If you have ever taken a supplement to reduce stress or anxiety, then you have likely seen something called kava or kava root listed as an ingredient.
Kava has become a popular ingredient in tea and supplements in recent years. While you may have just begun to hear about it, its actually been used for centuries by certain groups.
There has been a lot of praise for kava’s ability to reduce anxiety and promote relaxation. It seems like it’s being added to every anxiety and sleep supplement on the market.
When I first began taking supplements that included kava, I found myself wondering, what is kava root? I saw it listed over and over again on supplement labels and had to do some research to learn about it.
If you find yourself wondering exactly what it is as I did, I’m going to help you unravel this mystery supplement and give you a little information on it so that you know what to expect and look out for.
What is kava?
Kava goes by a lot of names however, the main ones are kava, kava kava, kava root and its plant name, Piper methysticum.
The kava plant is native to the Western Pacific region. The exact area and time in which Kava appeared seems to be a bit of a mystery however, its reported to have been used for centuries during religious ceremonies and as a medicine.
The kava plant is a relative of the black pepper plant and only grows in tropical locations. It’s a green shrub-like plant that takes several years to mature.
Kava plants grow quite tall with the average plant typically being between 10 and 20 feet in height.
The important part of the Kava plant is the root. The root of the kava plant is what’s taken from the plant and added to supplements. Not the leaves. The leaves serve no real purpose other than mulch for future kava plants.
How is kava produced?
Now that you have some basic knowledge of the kava plant, on to the important part. How it actually gets from the ground to your supplements! It’s a simple process however, kava comes in many forms.
The most common form that you are going to find is dried kava root that’s been ground up and added to a supplement as a powder.
The first thing done after the plant has matured is to separate the root from the plant.
After the root is separated, the skin is peeled off and the root gets washed thoroughly. After its cleaned, the root is then dried and ground up into a fine powder.
The majority of supplements that I see that use kava root come in capsule or powder form. It’s also commonly sold as a tea or tincture.
Kava is best known for its ability to treat stress and anxiety. It’s also used to treat restlessness, migraines, headaches insomnia, ADHA and depression.
In researching kava root, I found that it does have some major potential benefits aside from treating stress and anxiety related disorders.
Kava may have potential when it comes to cancer, reducing tumors found in the prostate, boosting the immune system and fighting breast cancer.
Like many herbs, the jury is still out on the definitive benefits however, it has definitely shown some potential!
There is some potential downside unfortunately. Like most good things in life, kava does not come without some controversy.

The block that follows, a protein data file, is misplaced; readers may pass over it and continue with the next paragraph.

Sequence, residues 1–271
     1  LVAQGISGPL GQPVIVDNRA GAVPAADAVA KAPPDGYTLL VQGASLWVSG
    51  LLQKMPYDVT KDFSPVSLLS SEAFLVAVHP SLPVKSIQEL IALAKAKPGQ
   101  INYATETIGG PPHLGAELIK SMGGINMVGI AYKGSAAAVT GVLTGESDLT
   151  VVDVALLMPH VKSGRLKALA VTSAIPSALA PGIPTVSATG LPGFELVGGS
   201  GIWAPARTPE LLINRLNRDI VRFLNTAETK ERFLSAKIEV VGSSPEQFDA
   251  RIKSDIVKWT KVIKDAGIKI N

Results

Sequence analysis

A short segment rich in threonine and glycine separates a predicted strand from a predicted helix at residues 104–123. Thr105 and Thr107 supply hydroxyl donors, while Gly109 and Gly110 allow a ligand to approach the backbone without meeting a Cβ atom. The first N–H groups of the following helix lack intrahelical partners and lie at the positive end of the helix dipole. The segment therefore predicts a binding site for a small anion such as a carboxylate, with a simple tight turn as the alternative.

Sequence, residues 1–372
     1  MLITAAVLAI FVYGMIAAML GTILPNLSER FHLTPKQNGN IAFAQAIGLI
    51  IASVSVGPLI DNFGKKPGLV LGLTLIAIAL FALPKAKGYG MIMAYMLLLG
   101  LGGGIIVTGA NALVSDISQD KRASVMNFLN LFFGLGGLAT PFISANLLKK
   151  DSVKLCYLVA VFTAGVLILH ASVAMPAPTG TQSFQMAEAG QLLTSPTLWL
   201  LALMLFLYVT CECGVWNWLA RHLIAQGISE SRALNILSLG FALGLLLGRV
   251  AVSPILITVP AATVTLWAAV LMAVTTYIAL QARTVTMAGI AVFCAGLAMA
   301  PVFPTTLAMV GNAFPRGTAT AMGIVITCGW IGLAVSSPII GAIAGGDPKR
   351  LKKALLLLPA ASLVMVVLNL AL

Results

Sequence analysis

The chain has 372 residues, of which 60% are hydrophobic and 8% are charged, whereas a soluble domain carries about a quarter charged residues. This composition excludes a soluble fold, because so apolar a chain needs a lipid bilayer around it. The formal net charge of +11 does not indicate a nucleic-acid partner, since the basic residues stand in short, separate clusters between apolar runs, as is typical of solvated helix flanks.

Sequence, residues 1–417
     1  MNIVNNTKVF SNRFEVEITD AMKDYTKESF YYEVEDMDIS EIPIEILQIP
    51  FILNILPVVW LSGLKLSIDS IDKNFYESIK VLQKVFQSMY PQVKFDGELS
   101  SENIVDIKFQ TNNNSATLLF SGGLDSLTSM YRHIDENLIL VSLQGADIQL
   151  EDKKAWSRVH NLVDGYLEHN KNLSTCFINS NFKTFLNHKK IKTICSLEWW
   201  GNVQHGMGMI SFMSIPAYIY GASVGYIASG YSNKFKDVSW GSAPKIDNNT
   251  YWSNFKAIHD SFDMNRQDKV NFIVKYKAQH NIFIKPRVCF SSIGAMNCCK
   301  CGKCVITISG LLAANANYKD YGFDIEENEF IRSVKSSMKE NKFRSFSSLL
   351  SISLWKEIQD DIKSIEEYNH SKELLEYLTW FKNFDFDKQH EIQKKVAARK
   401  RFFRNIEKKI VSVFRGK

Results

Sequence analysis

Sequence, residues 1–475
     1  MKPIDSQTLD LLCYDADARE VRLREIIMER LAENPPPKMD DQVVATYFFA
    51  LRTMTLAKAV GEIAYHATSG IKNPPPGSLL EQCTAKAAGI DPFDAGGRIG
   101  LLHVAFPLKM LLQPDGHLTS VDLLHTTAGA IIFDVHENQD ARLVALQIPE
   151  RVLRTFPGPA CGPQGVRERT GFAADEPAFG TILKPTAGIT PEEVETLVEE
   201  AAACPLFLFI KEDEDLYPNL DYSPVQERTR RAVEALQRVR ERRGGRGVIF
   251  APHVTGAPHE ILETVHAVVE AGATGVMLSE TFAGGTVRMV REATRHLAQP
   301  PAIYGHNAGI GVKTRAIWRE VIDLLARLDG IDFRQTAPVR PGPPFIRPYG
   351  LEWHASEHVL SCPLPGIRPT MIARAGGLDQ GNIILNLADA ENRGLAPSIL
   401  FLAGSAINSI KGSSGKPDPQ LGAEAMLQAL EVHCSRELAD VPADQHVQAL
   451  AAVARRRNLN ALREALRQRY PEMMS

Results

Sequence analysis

In the early 2000s, numerous countries banned Kava after several reports came out claiming that it had the ability to cause serious liver damage.
While it is still banned in some countries, other countries have lifted their bans after it was discovered that the potential to cause liver damage may have been wrong.
This is honestly a confusing issue that still does not seem to have been solved. Numerous studies and reviews of Kava have been conducted since the initial scare however, it does not seem like a consensus has been reached regarding its safety.
Studies have come out both for and against the safety of kava when it comes to the liver. It appears that the focus of issue is now focused on the methods used to extract and process kava root.
Methods using harsh chemicals such as alcohol and acetone may be the culprit behind the issue as opposed to the kava root itself.
I have used several supplements and teas that had Kava in it and have not experienced any negative side effects. That being said, I have not experienced any mind-blowing effects regarding its ability to reduce stress and anxiety.
As kava is sold in the United States, I was prepared to find mostly positive studies and reports regarding its usage. The potential side effects it could have on the liver make me fairly uneasy about using it in the future.
I was not fully aware of the controversy behind it as most people I’ve heard from that use it have nothing but good things to say about it.
While I cannot say for certain, I have a strong suspicion that the main issue regarding its potential side effects come down to the processing methods as stated above.
Some companies will produce any supplement that they think they can make them some money with. With the popularity of kava in recent years, I suspect than some less than ethical companies jumped on the band wagon.
This goes back to my entire point for starting Supplement Reviews Lab. Not all supplements are created equal. Sadly, many are a waste of money and even worse, potentially harmful to your health.
It is so important to do your research on the companies you purchase supplements from. Many companies do not take the time to ensure that they are producing their supplements the correct way. They are only trying to earn a profit.
If you do decide to try kava, make sure you purchase it from a reputable company that has experience with it. Try to find it grown organically however, in my experience it’s rare to find. Please be smart about it.
I may become interested in it again in the future and review a few brands if I have good results but as of right now it’s not at the top of my list.
Until next time,
P.S. Have you ever used kava root before? I would be extremely interested to hear your experience with it, both good and bad, below!